The solution to our e-waste problem? Repair, do not lose

The modern world works on electronic systems that are designed to last for many years. Tons of natural resources are being dug every day to produce semiconductor chips and other components. Eventually, they will be mounted on printed circuit boards (PCBs) and will become effective the brains of most parts of industrial technology. These expensive circuit boards are used in industrial applications to help control our vehicles, production machines, aircraft, wind turbines, etc. Typically costing from a few thousand to tens of thousands of dollars, they end up being used for power management, safety systems, surveillance devices, quality checks, and many other features.

The problem is that over time, the components that make up these boards get tired and die. Software “upgrades” can also slow down or otherwise affect their performance.

In any case, a technician or engineer armed with the right diagnostic tools and training could diagnose the problem, replace damaged and generally inexpensive components, and save other components in the device from being discarded along with the board.

So why do so many PCBs, and sometimes entire pieces of equipment, keep being discarded?

The problem with e-waste

Replacing defective industrial technologies with new ones is wasteful, unnecessary and exacerbates the problem of e-waste. According to the UN University, more than 50 million tons of electronic waste are produced worldwide every year. Time for mentality that cannot be repaired to be phased out across the business spectrum. This is an essential step in eliminating waste, reducing emissions and saving valuable resources.

In a conversation earlier this year, Scott Sullivan, an electronics technician at a major U.S.-based railroad repair company, said high-value defective board fuses were routinely dumped into the container. Hating to see the rubbish, he took some of the boards home and found that most were easy to repair. His suggestions for repairing the boards were ignored. If senior management understood the size and value of the waste, he said “heads will roll.”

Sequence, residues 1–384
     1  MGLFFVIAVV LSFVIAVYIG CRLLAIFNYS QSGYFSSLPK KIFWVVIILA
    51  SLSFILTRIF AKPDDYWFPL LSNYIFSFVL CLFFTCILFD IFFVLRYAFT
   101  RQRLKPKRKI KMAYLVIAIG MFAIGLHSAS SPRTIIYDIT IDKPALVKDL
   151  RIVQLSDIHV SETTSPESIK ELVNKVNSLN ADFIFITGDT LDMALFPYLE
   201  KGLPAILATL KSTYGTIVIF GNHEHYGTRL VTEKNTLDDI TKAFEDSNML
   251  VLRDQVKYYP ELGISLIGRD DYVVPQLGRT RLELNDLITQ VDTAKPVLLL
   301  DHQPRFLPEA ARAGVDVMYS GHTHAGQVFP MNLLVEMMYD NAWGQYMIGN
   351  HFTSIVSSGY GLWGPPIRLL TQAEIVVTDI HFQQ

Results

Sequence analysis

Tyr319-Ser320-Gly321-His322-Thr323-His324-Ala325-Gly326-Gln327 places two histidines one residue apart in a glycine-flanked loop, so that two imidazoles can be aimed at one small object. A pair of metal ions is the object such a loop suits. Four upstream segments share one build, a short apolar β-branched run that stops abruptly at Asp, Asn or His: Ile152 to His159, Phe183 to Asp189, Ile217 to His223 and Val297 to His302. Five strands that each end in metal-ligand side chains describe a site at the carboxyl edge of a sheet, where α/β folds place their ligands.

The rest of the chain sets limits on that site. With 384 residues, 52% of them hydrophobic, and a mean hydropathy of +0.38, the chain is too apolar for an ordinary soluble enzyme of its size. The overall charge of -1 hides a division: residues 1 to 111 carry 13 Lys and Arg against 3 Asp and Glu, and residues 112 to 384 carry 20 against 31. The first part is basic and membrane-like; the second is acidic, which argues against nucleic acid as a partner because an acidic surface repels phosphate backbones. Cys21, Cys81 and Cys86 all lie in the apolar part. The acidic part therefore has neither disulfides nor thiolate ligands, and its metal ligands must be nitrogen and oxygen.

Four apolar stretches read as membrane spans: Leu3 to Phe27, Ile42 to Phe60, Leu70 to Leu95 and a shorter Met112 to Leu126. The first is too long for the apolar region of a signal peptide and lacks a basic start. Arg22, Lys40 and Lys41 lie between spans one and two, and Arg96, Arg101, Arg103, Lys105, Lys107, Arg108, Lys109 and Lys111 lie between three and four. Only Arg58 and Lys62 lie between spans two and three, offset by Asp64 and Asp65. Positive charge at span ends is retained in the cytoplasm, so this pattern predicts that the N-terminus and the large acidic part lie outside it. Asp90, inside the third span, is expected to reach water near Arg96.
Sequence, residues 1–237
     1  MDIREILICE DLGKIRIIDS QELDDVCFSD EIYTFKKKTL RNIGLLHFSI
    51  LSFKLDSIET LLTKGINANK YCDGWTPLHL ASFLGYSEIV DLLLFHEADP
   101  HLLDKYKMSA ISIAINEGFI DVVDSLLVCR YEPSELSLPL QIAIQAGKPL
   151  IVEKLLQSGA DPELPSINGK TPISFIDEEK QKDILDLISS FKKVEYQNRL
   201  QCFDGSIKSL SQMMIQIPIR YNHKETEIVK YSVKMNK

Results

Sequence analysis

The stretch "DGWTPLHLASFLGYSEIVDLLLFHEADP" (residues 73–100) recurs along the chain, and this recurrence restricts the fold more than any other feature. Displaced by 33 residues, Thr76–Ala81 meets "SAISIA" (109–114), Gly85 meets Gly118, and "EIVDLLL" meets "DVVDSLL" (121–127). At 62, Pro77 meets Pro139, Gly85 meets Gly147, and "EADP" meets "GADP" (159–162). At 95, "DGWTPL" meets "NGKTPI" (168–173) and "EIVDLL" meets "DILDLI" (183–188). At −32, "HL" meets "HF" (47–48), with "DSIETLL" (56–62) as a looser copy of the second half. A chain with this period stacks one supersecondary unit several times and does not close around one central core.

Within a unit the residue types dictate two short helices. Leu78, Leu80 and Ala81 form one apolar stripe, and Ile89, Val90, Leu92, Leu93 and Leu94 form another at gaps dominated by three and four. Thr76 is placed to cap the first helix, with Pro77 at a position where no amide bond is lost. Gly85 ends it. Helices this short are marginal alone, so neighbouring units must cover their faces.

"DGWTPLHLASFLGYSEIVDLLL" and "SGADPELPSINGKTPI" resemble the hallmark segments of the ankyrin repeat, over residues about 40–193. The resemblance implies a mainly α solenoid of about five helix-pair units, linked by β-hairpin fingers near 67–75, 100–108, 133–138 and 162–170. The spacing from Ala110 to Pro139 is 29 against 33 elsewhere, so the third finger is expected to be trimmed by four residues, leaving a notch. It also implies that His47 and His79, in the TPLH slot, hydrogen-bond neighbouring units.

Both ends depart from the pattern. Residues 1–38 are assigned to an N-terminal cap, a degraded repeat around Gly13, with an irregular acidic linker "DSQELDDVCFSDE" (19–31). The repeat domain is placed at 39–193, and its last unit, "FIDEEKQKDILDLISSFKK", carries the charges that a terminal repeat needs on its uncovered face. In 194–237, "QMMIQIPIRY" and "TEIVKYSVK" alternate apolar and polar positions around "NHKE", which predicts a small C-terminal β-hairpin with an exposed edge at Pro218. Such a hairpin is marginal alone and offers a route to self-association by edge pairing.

Using new boards to maintain equipment is not only expensive, but also a poor use of resources. The use of new boards requires maintaining an inventory of these boards. If the boards are not in stock, they must be ordered. The time required to acquire the boards is equal to the downtime of the equipment. Depending on the type of equipment, this can mean a loss of productivity and a loss of revenue or worse.

Industrial there was electronic waste allowed to grow exponentially in recent decades under the mistaken assumption that the system was repaired I can not is presented as new. OEM (original equipment manufacturer) policies are common stop the repair of the board. In cases where they do not, technicians often do not receive the appropriate tools to make the necessary repairs.

Thus, billions of dollars go into the sewers, and tons of natural resources are turned into toxins of nature, especially in developing economies, which are destinations for garbage around the world. Heavy metals used in the manufacture of electronic components poison the soil and water. Other parts poison the air when burned.

A better solution for e-waste

The pandemic reminded us that without electronic components you can do nothing. The shortage of chips has led to limited supplies of vehicles, electrical appliances and even military equipment. It is also limiting the economy, with the car industry losing $ 210 billion in 2021, according to consulting firm AlixPartners. The business is trying to find parts to manufacture and tend to look for supplies from sources they would not use in normal times.

The risk of counterfeit components has never been higher.

In stores that repair some boards, technicians use oscilloscopes and digital multimeters. These are staples on each test bench, but they are not intended to troubleshoot circuit boards. Isolating the problem on a range and multimeter board takes hours or days longer than with tools and software that are designed to isolate faults, such as the universal BoardMaster testing equipment. Collins Aerospace engineers have found that this tool can test chips with optocouplers in seconds compared to 3 to 5 days using traditional tools.

It is difficult enough to hire and retain good technicians. Providing them with the wrong tools for the job makes the job more stressful. This is a formula for motivating the best technicians to go first for a better position.